at least one fin structure coupled to the resistive element, the at least one fin structure being a semiconductor structure and including an active region, the active region being divided into at least a first active region and a second active region, the first active region having a first type of dopant, and the second active region having the first type of dopant or the second type of dopant; and
a gate provided over at least a portion of the at least one fin structure, the gate facilitates dividing the active region into the first and second active regions,
wherein at least a portion of the first and second active regions residing in a common well or on an isolated substrate.
25. An electronics system, comprising:
a processor; and
a programmable resistive memory operatively connected to the processor, the programmable resistive memory includes at least a plurality of programmable resistive cells for providing data storage, each of the programmable resistive cells comprising:
a resistive element coupled to a first supply voltage line;
at least one MOS device or diode built on at least one fin structure with at least one active region, the at least one active region including at least a first active region and a second active region, the first active region having a first type of dopant and the second region having the first type of dopant or a second type of dopant, the first active region providing a first terminal of the MOS device or diode, the second active region providing a second terminal of the diode, both the first and second active regions residing in a common well or on an isolated substrate, the first active region being coupled to the resistive element and the second active region coupled to a second supply voltage line; and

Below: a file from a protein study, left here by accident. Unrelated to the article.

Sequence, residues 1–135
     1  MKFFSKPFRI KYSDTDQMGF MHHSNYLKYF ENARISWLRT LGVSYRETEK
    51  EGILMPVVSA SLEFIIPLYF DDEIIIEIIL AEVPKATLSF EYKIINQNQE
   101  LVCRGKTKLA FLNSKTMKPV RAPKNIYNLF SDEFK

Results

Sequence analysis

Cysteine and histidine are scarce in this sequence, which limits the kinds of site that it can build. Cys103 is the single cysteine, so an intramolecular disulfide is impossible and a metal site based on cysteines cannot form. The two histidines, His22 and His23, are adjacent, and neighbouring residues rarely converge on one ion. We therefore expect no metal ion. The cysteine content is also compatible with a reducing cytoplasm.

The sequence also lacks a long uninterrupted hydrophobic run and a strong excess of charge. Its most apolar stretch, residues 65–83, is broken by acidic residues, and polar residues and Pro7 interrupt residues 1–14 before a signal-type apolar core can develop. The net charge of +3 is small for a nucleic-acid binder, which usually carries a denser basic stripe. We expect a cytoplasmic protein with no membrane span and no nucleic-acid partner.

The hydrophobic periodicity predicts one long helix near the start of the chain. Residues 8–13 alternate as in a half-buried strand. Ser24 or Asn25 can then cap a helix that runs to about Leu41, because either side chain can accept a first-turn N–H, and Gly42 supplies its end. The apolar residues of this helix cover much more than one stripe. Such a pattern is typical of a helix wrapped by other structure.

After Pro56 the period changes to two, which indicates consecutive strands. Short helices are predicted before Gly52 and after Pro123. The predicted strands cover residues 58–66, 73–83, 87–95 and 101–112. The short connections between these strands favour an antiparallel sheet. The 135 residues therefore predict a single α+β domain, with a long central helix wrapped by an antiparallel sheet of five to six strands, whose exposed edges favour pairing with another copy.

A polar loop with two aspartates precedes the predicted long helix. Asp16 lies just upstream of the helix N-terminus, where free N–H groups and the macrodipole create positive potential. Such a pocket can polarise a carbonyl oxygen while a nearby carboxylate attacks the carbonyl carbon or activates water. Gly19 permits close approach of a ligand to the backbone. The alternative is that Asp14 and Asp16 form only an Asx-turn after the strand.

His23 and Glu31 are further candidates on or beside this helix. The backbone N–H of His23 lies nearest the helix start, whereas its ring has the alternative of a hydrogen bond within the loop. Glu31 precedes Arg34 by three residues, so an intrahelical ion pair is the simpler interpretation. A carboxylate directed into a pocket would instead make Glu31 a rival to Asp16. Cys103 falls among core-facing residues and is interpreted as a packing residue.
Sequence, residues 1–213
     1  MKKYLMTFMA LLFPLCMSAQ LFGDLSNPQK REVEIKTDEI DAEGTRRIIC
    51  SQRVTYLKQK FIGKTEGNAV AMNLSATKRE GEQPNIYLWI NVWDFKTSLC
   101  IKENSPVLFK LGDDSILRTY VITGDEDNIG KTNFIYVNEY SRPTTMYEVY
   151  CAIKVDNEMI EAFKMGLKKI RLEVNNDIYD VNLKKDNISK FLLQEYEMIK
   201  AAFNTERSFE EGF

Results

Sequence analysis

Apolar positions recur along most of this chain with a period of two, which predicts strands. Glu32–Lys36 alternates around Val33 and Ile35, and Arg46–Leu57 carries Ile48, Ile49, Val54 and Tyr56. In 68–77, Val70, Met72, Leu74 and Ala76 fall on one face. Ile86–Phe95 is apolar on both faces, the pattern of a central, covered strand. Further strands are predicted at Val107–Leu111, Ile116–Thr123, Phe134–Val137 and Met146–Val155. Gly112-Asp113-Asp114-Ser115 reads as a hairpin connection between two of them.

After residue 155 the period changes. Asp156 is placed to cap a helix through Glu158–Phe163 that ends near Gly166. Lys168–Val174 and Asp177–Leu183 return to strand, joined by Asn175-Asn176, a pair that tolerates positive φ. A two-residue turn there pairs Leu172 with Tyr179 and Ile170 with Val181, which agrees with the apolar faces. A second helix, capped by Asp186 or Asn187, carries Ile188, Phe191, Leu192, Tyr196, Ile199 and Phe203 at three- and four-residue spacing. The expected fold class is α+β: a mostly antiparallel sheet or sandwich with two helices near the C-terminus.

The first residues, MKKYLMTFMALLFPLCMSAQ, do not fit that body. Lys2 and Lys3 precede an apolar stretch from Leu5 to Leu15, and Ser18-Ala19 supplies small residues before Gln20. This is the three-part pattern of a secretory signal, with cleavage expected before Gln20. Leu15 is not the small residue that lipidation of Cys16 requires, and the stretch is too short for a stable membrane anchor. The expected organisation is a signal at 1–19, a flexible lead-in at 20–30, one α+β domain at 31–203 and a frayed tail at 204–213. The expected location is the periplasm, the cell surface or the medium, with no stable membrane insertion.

a MOS gate being coupled to a third supply voltage line;
wherein the first and second active regions is fabricated from sources or drains of CMOS devices, and the first and second active regions residing in a CMOS well or on an isolated substrate, and
wherein the programmable resistive element is configured to be programmable by applying voltages to the first, second, and/or third supply voltage lines to thereby change the resistance into a different logic state.
26. A programmable resistive cell as recited in claim 25, wherein the first and the second active regions are isolated by a dummy MOS gate or a silicide block layer.
27. A programmable resistive cell as recited in claim 25, wherein the resistive element comprises at least one of polysilicon, silicided polysilicon, silicide, metal, metal alloy, local interconnect, thermally isolated active region, extended source/drain, CMOS gate, or combination thereof.
28. A method for providing a programmable resistive memory, comprising: